Monthly Archives: January 2011

delicious transformation

I’ve been thinking about transformation lately. Whether as a political catchphrase or self-help focus, change visits us no matter if we’re ready or open to it. Last year, we moved. We’ll probably do it again this year. My career, my nurse-self, morphs every time I walk into a patient’s room. I’ve grown sassier, and my sense of humor that becomes more and more twisted with every passing week.

I love it.

Transformation is part of what makes us human. It’s no wonder that our experience as a species shifted as we learned to cook–those first caveman kebabs opened some major doors.

When it’s time to celebrate a birthday, or a holiday, or a rare Sunday night in which we’re all free, Sandra and I tend to do some culinary transformations of our own. Plans develop mere hours before the meal needs to be on the table. No carefully drafted menus here. “What about stuffed mushrooms? And some other vegetables or something?” After a brief telephonic brainstorm with my beloved sister-in-law, I’m off to Costco.

Let’s see. This time, the occasion was my mother-in-law’s birthday. This meant steak–for her. Fish for the rest of us. She gets to be the Steak Queen. Not that we all need an animal protein; “if all I had for dinner was stuffed mushrooms and green beans, I’d be happy,” said Sandra. Noted. But Jesse picks out a piece of salmon for everyone.

Here’s what we brought home: giant onions, baby portabella mushrooms, steak, salmon, mixed greens, pomegranate arils, crumbled feta, French-cut green beans. Sandra brought cake and ice cream. And her creative mind.

I started by preparing the onions. The food processor made gloriously short work of slicing them, and they went straight into a Dutch oven with some olive oil to carmelize on low-medium heat. At first, the pot totally overflowed with onion slices. After a few minutes,

they slouched. The quantity of onion juice in the pot rivaled the quantity of the onion shreds. I kept moving.

I gently washed the mushrooms and de-stalked them. The stalks and a few whole mushrooms (this was a Costco-sized package, after all) took a spin in the food processor while some onion and garlic sizzled in olive oil.

After a few minutes, the shredded shroomies met the onion-garlic sauté. Some salt and black pepper joined the party; moments later a handful of craisins and walnuts jumped in too. I threw in some dried chives and 1/4 c white wine (the chardonnay the in-laws were sipping, in fact) and let the whole thing simmer for about 10 minutes. The wine reduced and the whole mixture began to turn a warm wood-brown. Finally, I tossed in a half a cup each of fat-free cottage cheese and cooked brown rice. Poof. Filling.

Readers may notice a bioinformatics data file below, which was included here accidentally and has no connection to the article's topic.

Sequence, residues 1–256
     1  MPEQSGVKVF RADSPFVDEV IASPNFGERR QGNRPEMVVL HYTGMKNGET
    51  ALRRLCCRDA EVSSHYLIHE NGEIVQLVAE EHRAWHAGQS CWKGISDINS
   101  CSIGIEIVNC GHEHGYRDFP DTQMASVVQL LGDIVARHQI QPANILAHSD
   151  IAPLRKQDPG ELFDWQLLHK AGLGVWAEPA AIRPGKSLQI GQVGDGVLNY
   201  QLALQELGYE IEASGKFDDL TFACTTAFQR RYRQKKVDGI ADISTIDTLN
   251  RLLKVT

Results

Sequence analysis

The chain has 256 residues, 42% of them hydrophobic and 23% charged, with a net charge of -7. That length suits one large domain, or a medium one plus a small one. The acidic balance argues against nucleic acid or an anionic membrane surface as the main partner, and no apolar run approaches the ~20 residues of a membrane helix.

Sandra filled the patient little mushroom caps and popped them into a 350° oven. 20 minutes later, they came out crisp and toasty on top.

Meanwhile, the onions kept melting.

Sandra prepared the salmon steaks, rubbing them with mayonnaise and Penzey’s 4/S Special Seasoned Sea Salt and covering them with lemon slices (seriously!). The thick cuts went on the grill on foil-covered grates. She rubbed the New York strip steak we’d picked out for Cheryl with her favorite hickory-smoked salt and set it to grilling a few minutes later. Meanwhile, I parboiled a load of green beans and whipped some olive oil, walnuts, and a couple strips of lemon rind in the food processor. Just before bringing the beans to the table, I tossed them in this mixture.

The salad came together quickly: the greens, the pomegranate arils, the crumbled feta. I toasted some pecans in a tablespoon of sugar and a couple teaspoons of butter in a nonstick pan and and set them on the side. A quick vinaigrette and ta-da. So simple it felt like cheating.

I attribute this to Sandra’s wisdom and sublime kitchen flexibility: everything ends up on the table at the same time. The salmon,

the steak,

the sides.

The whole process–and I’m nothing if not process-oriented–took and hour and a half, maybe. Big raw onions turned into a little bowlful of mushy sweet onion jam. Disparate ingredients became harmonic salad. Raw steak became… slightly less raw, as Cheryl loves it “red but warm.”

This time in the kitchen, with our modicum of power over the culinary metamorphosis of these little things, imbued me with a deeper perspective. A readiness to abide as our year, our life takes shape.

Seriously!

Shut up. I know it’s irrevocably cheesy. Over-the-top New Age self-help-y. BUT. You try it, and just tell me you don’t see anew that we really can participate in our own delicious transformation.

Nope. You can’t.

Booyah.

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mythical GF granola bars

I’ve had a series of little health-related wake-up calls in the last few months. And no, this isn’t a New Year’s resolution post! It’s all a normal part of having a body, to be sure. I completed the inaugural half-marathon event of the Portland Marathon on 10/10/10 (I hit the 10-mile mark at 10 AM, by the way) and THEN decided it was time to clean up my act. Kind of a bizarre order of events, but it’s true. I discovered that somehow, I’ve added a small but significant amount of poundage onto my frame since starting nursing school in 2008. Granted, between then and now I also successfully and healthily completed 2 triathlons, a duathlon, and a half-marathon. So a lot of that is slow-twitch endurance muscle, I’d like to think. But some of it isn’t. Some of it is a direct result of the carnitas craved after a 4-hour brick workout. Some of it is a result of, well, a stressful 16-month nursing program and a move and a wedding. I’m gorgeous the way I am, to be sure (and modest to boot). I’d just like to do what I can to stay healthy for the long haul.

In order to do so in a smart, body-positive way, I’m being mindful about what I do with my body and what I put in it. I joined a yoga studio and I’m keeping a food journal. I visited my NP and had some basic bloodwork done, which showed an LDL cholesterol level that was a meager 2 or 3 points into the range that makes said NP talk to people about eating more oatmeal and cutting back on solid fats. And since I’m a self-motivated take-charge sort of person (on good days), I’m now on a mission. So it’s time to highlight some recipes and dishes that make the most of flavor, texture, and color without relying on brown butter or (sigh) bacon fat for oomph. Don’t worry. Those two won’t go away entirely.

So. Naturally, I’m on the hunt for a gluten-free baked good I can enjoy regularly that supports these lovely goals I’ve got.

I’m not asking for much here. Just a breakfast/snack bar that’s gluten-free, low-fat, low sugar, low-calorie, tasty, and will contribute to the betterment of my cholesterol numbers (which are fine but could be better).

Yup. Not asking for much at all.